A miserable Christmas period saw the Sky Blues win one point from five games and slip out of the play-off positions to 11th position as I write this. They now have 35 points from 26 games and are four points off the play-off positions. The division continues to throw up more and more strange results and although the Sky Blues have more points at this stage than all but two of the last nine seasons (2001-02 and 2002-03 the exceptions) a chance has been missed to consolidate a position in the top six.

The last few weeks has seen a glut of managerial changes, the majority of them being sackings. It is sad to report that two ex-City players were victims of the sack just before Christmas. Sam Allardyce was very unfortunate to get the order of the boot from Blackburn Rovers and his departure means that no ex-City players are managing in the Premier League. His replacement, for the time being anyway, is former City assistant boss Steve Kean who had two years at the Ricoh under Chris Coleman.

Paul Trollope of Bristol Rovers is another ex-City manager to be sacked before Christmas. He only played a handful of games for City, at the fag-end of the disastrous 2001-02 season (a Jim Smith signing if I remember correctly) but had had a five-year spell as manager at Rovers. Interestingly four of the last five Rovers’ managers were ex-City men with Trollope preceded by Ray Graydon, Gerry Francis and Garry Thompson.

The Championship’s struggling clubs have been changing managers like a merry-go-round in recent weeks with Preston, Crystal Palace, Burnley and Sheffield United all having changes. The Blades’ change was enforced on them by Gary Speed’s elevation (is that the right word) to Welsh national boss. Blades’ fans did not seem unduly worried about Speed leaving as they languish near the foot of the table and it offered an opportunity to former City boss Micky Adams to return to the Championship. After leaving Coventry, some say unluckily, Micky had a bad time at Brighton but has rejuvenated his managerial credentials with a spell at Port Vale in League Two. Now he has landed his dream job, managing the team he has not only supported since he was a boy but also started his playing career with. His next league game will see him returning to the Ricoh Arena almost exactly four years to the day of his departure as manager.

Talking of former players Ken Jones of Finham sent me a nice letter a few weeks ago with a cutting from The Packet, a Cornish newspaper. It was a match report of Falmouth Town’s 2-1 win over Witheridge in the South West Peninsula League. Former City midfielder Sean Flynn, now aged 42, is the Assistant manager/player for Falmouth. Flynn (pictured below) joined City from Halesowen Town in November 1991 and made his first team debut on Boxing Day and scored in a 3-0 win at Bramall Lane. Between 1991 and 1995 he made over 100 appearances for the Sky Blues scoring 10 goals.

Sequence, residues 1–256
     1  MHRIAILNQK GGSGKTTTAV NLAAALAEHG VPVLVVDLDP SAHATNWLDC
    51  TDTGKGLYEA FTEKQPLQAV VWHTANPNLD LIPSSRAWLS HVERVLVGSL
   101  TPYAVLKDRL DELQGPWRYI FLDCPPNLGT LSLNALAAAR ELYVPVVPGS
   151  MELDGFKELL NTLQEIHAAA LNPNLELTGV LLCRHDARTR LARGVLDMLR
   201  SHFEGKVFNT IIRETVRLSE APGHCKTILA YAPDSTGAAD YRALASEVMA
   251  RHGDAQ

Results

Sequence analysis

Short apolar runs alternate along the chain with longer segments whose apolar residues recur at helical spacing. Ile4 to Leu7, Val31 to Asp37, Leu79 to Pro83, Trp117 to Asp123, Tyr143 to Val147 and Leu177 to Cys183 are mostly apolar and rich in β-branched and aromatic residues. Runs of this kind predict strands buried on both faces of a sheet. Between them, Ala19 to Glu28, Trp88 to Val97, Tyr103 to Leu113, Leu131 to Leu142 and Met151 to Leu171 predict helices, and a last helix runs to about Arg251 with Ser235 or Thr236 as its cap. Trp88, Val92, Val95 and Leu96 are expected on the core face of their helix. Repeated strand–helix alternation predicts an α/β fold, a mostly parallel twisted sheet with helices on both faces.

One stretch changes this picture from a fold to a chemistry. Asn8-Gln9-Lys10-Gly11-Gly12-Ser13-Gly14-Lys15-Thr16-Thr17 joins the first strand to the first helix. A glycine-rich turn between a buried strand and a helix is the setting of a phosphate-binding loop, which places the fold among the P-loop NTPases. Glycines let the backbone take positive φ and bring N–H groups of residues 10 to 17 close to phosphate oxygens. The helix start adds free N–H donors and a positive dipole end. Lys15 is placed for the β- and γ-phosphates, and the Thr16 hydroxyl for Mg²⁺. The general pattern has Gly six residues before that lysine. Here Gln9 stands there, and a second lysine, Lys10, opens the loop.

Today is FA Cup Third Round day, a day that used to be such an exciting one in the football calendar. Now for all but a handful of non-league or lower division sides it is a damp squib day. The FA Cup has lost its glamour and all across the country season ticket holding fans will be expected to cough up extra money to pay for a cup tie, just after they have maxed out on the credit cards in the run up to Christmas and in the January sales. Gates across the country will be pitifully low with a gate of well under 10,000 expected at the Ricoh for the visit of unattractive Crystal Palace. Last season just over 7,000 attended the Portsmouth replay and after City’s miserable Christmas results I think today’s gate may struggle to top that. Palace may well be buoyed by a new manager (or caretaker Dougie Freedman) and they will not need reminding that they have never lost at the Ricoh with four wins and one draw since 2005. When you consider that in the only other FA Cup meeting between the clubs (in 1908) Palace won 4-2 at Highfield Road the omens seemed stacked against City. That game back in 1908 by the way was a memorable one in the club’s history. They had reached the equivalent of the Third Round for the very first time, as a Birmingham League club, and their efforts not only attracted a Highfield Road record crowd of 9,884 but also brought them national press exposure for the first time. Although beaten by their South London opponents City were, within six months, voted into the Southern League and the club never looked back.